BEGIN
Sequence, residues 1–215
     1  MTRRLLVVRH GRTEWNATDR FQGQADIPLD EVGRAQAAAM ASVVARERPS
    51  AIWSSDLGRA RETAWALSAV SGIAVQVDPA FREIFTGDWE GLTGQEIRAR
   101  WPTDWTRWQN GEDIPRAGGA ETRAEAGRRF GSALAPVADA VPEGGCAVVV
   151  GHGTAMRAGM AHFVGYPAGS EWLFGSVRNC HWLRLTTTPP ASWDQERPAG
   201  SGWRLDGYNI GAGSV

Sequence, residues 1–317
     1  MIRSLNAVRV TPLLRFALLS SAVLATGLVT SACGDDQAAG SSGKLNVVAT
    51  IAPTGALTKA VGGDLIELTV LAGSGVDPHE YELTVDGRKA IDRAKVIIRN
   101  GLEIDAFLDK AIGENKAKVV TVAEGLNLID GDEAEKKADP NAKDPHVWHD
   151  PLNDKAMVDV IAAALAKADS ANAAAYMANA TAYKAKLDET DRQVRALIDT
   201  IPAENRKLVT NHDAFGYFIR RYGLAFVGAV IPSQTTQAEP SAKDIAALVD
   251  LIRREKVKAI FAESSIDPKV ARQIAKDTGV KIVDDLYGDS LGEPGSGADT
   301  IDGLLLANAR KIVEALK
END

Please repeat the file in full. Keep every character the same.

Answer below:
Sequence, residues 1–215
     1  MTRRLLVVRH GRTEWNATDR FQGQADIPLD EVGRAQAAAM ASVVARERPS
    51  AIWSSDLGRA RETAWALSAV SGIAVQVDPA FREIFTGDWE GLTGQEIRAR
   101  WPTDWTRWQN GEDIPRAGGA ETRAEAGRRF GSALAPVADA VPEGGCAVVV
   151  GHGTAMRAGM AHFVGYPAGS EWLFGSVRNC HWLRLTTTPP ASWDQERPAG
   201  SGWRLDGYNI GAGSV

Sequence, residues 1–317
     1  MIRSLNAVRV TPLLRFALLS SAVLATGLVT SACGDDQAAG SSGKLNVVAT
    51  IAPTGALTKA VGGDLIELTV LAGSGVDPHE YELTVDGRKA IDRAKVIIRN
   101  GLEIDAFLDK AIGENKAKVV TVAEGLNLID GDEAEKKADP NAKDPHVWHD
   151  PLNDKAMVDV IAAALAKADS ANAAAYMANA TAYKAKLDET DRQVRALIDT
   201  IPAENRKLVT NHDAFGYFIR RYGLAFVGAV IPSQTTQAEP SAKDIAALVD
   251  LIRREKVKAI FAESSIDPKV ARQIAKDTGV KIVDDLYGDS LGEPGSGADT
   301  IDGLLLANAR KIVEALK